WASHINGTON • Hours before departing on Wednesday for a global economic summit in Japan, US President Donald Trump complained about the military alliance between the two countries, criticised world leaders he will see at the gathering and unloaded on a list of domestic political foes, including a star of the United States women's soccer team.
Mr Trump's comments, during a wide-ranging Fox Business interview and on Twitter, came as he prepared to discuss a range of pressing issues at the two-day Group of 20 meeting in Osaka, including trade disagreements and escalating tensions in the Middle East.
"If Japan is attacked, we will fight World War III," Mr Trump said on Fox Business. "We will go in, and we will protect them, and we will fight with our lives and with our treasure. We will fight at all costs. But if we are attacked, Japan doesn't have to help us at all. They should watch it on a Sony television, the attack."
In the same interview, Mr Trump berated China over stalled trade talks, and falsely said China is bearing the full brunt of US tariffs imposed this year, despite the effect they are having on US consumers. "Don't play. Don't let anyone tell you that China is not paying for it. China is paying for it," he said. "We are not paying for any of it."
Mr Trump is set to meet Japanese Prime Minister Shinzo Abe today, and his comments about the military agreement could add a bit of awkwardness. He is also expected to meet Chinese President Xi Jinping on the sidelines of the gathering, and to hold a similar separate meeting with Russian President Vladimir Putin.
Mr Trump also criticised European leaders he will see at the Japan meeting, renewed a tariff threat against Europe, denounced his handpicked Federal Reserve chairman and complained that Vietnam is "almost the single worst abuser of everybody".
Mr Trump dislikes set-piece group sessions such as the G-20, whose chief value is often symbolic, and he frequently uses them to make vague and often inaccurate complaints that other countries take advantage of the US in trade and defence.
Just hours before the Group of Seven Summit in Canada in June last year, he attacked Canadian leader Justin Trudeau and French leader Emmanuel Macron, and suggested that Russia should be invited to the exclusive forum, which was designed in part to specifically exclude leaders from Moscow.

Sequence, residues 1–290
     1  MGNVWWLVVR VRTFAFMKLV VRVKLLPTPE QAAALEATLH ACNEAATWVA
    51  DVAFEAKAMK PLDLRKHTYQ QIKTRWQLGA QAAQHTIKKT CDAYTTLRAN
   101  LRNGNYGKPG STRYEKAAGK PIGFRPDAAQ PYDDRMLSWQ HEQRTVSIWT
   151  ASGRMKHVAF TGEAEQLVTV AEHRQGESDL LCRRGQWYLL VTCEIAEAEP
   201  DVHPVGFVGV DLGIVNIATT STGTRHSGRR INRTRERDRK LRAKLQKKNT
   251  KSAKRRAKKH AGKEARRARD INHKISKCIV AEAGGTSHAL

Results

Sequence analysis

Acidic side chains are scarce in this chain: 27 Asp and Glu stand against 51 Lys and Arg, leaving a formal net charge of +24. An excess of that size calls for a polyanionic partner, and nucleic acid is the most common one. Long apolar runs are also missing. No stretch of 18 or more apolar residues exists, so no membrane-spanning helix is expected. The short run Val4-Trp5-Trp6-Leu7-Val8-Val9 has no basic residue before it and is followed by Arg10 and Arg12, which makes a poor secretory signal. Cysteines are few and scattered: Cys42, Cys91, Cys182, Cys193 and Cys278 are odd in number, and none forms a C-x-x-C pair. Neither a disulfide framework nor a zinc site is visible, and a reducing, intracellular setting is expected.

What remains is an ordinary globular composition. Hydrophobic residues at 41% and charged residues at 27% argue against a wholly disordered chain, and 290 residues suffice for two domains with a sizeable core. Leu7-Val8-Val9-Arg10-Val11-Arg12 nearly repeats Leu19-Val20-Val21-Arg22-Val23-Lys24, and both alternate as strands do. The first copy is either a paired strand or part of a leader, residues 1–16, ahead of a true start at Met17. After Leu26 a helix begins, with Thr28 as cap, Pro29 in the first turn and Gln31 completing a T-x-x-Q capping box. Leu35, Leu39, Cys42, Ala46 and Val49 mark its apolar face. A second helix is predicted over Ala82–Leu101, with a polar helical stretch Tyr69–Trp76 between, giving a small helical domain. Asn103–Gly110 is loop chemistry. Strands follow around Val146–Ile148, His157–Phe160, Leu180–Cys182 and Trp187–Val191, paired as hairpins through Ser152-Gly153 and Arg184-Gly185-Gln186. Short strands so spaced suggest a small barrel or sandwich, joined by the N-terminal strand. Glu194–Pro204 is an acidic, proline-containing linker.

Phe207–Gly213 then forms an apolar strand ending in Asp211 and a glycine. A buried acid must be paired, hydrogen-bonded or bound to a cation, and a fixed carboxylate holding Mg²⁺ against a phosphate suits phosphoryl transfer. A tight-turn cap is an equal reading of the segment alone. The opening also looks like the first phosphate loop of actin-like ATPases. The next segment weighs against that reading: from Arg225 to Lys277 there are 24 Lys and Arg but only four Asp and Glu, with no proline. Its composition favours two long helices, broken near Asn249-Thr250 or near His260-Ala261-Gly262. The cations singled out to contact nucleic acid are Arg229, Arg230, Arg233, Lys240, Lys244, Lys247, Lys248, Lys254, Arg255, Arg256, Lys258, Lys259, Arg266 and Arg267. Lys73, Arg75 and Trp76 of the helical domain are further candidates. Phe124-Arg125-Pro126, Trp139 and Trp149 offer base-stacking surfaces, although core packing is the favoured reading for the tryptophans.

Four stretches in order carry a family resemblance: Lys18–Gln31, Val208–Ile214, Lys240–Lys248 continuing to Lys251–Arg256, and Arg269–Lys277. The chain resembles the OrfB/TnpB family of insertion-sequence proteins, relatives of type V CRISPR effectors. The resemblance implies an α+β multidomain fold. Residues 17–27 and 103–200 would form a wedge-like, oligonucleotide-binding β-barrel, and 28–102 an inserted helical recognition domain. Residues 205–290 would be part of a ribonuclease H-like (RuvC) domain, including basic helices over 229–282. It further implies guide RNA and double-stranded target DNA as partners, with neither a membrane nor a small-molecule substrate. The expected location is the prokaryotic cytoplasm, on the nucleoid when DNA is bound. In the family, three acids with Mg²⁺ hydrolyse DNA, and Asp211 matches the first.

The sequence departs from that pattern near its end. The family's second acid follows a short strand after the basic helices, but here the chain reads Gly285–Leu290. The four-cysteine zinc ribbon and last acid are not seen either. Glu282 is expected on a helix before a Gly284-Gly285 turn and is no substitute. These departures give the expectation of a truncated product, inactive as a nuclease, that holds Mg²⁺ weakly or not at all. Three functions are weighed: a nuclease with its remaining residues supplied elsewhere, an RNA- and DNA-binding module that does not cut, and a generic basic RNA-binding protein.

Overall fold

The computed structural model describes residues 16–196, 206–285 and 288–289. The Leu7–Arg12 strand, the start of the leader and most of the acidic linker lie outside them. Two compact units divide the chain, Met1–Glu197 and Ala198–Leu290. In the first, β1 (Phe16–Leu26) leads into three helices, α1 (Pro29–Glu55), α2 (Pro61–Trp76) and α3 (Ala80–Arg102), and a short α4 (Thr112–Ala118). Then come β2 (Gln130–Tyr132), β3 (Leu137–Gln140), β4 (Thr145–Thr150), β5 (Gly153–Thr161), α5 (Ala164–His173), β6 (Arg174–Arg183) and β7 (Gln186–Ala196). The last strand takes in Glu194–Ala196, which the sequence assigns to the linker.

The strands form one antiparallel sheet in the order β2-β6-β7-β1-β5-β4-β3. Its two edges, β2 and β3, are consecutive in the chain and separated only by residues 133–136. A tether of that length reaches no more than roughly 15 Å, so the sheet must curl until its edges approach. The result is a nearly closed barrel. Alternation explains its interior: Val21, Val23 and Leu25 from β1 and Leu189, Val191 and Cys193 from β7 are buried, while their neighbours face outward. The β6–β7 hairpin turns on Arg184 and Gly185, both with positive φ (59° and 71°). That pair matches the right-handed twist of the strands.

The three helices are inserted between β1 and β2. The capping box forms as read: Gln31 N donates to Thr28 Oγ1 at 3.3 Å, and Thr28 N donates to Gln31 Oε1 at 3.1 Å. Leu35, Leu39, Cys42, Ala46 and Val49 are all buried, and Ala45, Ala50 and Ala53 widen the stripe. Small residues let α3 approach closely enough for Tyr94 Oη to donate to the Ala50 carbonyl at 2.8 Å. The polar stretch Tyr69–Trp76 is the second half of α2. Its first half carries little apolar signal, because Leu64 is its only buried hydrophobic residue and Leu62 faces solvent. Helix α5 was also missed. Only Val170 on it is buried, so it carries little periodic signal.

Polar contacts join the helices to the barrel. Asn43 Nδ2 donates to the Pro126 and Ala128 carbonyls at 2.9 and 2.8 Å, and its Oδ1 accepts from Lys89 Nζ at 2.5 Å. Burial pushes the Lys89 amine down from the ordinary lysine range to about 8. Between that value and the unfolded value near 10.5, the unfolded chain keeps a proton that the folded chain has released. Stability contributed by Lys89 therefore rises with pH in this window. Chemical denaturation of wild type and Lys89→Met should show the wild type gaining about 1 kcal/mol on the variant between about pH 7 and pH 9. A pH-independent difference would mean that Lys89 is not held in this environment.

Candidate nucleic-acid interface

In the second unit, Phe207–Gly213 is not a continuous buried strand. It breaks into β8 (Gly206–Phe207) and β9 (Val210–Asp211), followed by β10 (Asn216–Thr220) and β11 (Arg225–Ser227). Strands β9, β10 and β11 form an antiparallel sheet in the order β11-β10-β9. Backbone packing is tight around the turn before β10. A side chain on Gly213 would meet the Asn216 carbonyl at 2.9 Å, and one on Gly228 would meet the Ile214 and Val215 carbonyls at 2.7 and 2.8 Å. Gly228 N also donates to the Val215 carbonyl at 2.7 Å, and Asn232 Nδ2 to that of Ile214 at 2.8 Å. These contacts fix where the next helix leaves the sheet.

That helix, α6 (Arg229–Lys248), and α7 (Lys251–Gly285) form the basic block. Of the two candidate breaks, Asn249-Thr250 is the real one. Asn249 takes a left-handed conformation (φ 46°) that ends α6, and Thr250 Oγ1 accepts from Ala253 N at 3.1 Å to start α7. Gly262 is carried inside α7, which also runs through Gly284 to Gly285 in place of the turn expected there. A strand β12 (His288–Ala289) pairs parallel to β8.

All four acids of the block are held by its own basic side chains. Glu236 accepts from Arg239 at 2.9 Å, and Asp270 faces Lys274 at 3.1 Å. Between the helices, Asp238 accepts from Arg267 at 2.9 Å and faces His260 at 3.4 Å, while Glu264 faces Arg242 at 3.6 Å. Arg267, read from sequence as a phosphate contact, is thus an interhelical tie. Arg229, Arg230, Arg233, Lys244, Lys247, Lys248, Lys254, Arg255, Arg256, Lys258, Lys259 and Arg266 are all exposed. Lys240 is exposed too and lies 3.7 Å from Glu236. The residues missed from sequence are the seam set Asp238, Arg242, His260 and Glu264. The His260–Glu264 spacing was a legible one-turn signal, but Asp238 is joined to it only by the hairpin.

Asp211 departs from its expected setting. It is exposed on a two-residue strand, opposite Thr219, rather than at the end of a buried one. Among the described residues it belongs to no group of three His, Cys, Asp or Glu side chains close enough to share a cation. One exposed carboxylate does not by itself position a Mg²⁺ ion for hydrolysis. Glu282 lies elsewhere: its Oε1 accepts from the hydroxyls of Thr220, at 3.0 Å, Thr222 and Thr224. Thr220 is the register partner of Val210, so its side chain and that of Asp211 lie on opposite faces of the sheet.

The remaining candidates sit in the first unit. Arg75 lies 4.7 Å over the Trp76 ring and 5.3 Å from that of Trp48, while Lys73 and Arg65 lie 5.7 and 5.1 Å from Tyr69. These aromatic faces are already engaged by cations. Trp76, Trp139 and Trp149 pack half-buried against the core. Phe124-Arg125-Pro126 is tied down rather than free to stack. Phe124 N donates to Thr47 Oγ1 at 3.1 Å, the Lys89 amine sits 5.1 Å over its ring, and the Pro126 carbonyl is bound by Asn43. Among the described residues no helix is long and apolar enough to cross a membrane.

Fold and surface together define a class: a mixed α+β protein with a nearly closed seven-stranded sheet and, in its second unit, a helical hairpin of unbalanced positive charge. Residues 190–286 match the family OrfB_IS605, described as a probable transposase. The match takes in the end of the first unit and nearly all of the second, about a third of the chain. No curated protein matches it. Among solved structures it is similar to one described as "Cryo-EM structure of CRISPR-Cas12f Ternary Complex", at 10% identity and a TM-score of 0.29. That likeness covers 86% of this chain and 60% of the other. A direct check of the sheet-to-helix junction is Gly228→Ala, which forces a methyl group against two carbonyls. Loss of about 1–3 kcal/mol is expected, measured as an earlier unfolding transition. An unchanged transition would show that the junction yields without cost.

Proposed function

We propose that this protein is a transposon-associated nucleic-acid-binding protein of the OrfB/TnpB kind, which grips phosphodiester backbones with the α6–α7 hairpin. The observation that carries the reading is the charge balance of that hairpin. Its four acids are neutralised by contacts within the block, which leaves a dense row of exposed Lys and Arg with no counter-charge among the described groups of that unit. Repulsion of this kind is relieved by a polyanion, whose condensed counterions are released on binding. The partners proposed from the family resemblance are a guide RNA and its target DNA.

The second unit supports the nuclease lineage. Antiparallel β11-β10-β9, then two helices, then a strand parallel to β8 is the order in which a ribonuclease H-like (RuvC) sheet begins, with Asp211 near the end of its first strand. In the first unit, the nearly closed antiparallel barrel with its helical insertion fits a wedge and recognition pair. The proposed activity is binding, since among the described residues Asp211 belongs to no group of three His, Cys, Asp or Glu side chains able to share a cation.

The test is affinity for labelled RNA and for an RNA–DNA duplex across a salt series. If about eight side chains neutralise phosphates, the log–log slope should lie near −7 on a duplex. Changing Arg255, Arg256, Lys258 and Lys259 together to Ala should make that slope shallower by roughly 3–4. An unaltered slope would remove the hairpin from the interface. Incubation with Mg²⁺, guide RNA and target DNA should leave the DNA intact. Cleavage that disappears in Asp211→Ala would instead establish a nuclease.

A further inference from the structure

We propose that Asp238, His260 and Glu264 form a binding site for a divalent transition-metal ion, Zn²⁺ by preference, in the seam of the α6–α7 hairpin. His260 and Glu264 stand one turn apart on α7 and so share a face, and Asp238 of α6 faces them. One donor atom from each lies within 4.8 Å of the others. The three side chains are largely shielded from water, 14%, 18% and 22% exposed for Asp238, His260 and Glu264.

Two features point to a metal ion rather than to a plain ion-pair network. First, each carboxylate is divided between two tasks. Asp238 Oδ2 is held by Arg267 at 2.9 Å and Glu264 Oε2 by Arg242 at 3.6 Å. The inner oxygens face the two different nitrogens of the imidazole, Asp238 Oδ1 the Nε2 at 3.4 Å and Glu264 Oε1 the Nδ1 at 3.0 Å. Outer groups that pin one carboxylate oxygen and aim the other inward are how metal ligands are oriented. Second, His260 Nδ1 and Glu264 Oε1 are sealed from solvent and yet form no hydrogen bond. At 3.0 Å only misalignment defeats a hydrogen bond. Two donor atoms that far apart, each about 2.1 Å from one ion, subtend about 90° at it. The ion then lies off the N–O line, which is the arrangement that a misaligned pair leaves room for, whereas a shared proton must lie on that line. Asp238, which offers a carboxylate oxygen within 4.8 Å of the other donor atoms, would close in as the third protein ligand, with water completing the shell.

And hours after that summit, Mr Trump exploded in anger at Mr Trudeau and announced that he was withdrawing from a joint statement with the other countries.
Mr Trump also took what appeared to be another swipe at the late Senator John McCain, telling a crowd in Washington that senators who had given him a "hard time" have "gone on to greener pastures - or perhaps far less green pastures". "We had a little hard time with a couple of them, right?" Mr Trump said of Republican senators who voted against him on repealing the Affordable Care Act in 2017. "Fortunately they are gone now," he said in campaign-style remarks to a largely evangelical Christian audience at the Faith and Freedom Coalition.
Mr McCain died of brain cancer last year. The other two Republicans who defied Mr Trump's wishes on the healthcare vote, Senators Susan Collins of Maine and Lisa Murkowski of Alaska, remain in office.
White House spokesman Hogan Gidley denied in a statement that Mr Trump was referring to Mr McCain, and said he was targeting former Republican senators Jeff Flake and Bob Corker. However, both had voted to repeal Obamacare.
Mr Trump also criticised US soccer star Megan Rapinoe, who said she would not accept an invitation to visit the White House while Mr Trump is President. He also implied that National Basketball Association (NBA) team owners and players should treat him better because he has lowered black unemployment and supports criminal-justice legislation.
Rapinoe "should win first before she talks! Finish the job!" he wrote on Twitter. "We haven't yet invited Megan or the team, but I am now inviting the team, win or lose," he wrote.